{¶ 72} The expert's current clinical research involved the study of new drugs which explored the relationship of estrogen replacement therapy and its effect on the development and prevention of osteoporosis and cardiovascular outcomes. Finally, the expert was forced to concede that the American Medical Association listed his "major professional activity" as "research."

{¶ 73} With this information, Price asked the court to strike the expert's opinions under Evid.R. 601(D). Price argued that the expert could not establish that he spent at least one-half of his professional time in the active clinical practice of cardiology. The court denied the motion by saying that "the witness doesn't have to be the best witness."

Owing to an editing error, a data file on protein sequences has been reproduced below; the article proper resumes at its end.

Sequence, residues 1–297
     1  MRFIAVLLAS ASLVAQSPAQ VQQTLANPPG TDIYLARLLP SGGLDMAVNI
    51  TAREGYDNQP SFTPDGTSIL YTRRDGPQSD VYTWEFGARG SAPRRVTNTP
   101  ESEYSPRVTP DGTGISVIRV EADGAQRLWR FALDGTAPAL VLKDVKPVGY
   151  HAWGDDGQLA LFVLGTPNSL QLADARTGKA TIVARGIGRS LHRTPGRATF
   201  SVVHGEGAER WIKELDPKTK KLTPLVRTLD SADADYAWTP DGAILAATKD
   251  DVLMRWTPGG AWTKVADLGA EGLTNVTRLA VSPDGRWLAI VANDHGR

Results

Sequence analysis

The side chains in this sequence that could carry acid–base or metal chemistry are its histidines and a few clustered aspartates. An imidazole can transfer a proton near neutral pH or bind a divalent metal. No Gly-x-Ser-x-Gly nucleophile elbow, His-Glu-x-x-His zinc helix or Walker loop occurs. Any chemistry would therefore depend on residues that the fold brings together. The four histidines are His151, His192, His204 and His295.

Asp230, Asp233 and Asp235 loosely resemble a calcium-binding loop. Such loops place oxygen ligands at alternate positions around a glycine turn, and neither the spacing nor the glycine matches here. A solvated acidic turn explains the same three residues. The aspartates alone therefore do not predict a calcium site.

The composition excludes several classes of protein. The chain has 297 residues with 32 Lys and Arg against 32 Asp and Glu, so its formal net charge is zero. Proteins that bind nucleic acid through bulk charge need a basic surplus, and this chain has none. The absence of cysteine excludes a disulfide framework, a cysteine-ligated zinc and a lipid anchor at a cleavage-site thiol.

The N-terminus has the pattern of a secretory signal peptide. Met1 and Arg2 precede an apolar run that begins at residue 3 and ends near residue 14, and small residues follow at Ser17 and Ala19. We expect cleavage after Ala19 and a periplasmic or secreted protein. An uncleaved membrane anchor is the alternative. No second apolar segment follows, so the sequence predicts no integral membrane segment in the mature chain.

{¶ 74} I am unsure what the court meant when it said "the witness doesn't have to be the best witness." In the context of expert testimony, it is true that neither party is obligated to find the "best" expert in any given field of expertise. But that wasn't a question before the court — the question was whether the estate's expert devoted at least one-half of his professional time to the active clinical practice of cardiology. The court's reason for denying the motion was non sequitur and shows that the court did not have the proper legal standard in mind when it denied Price's motion.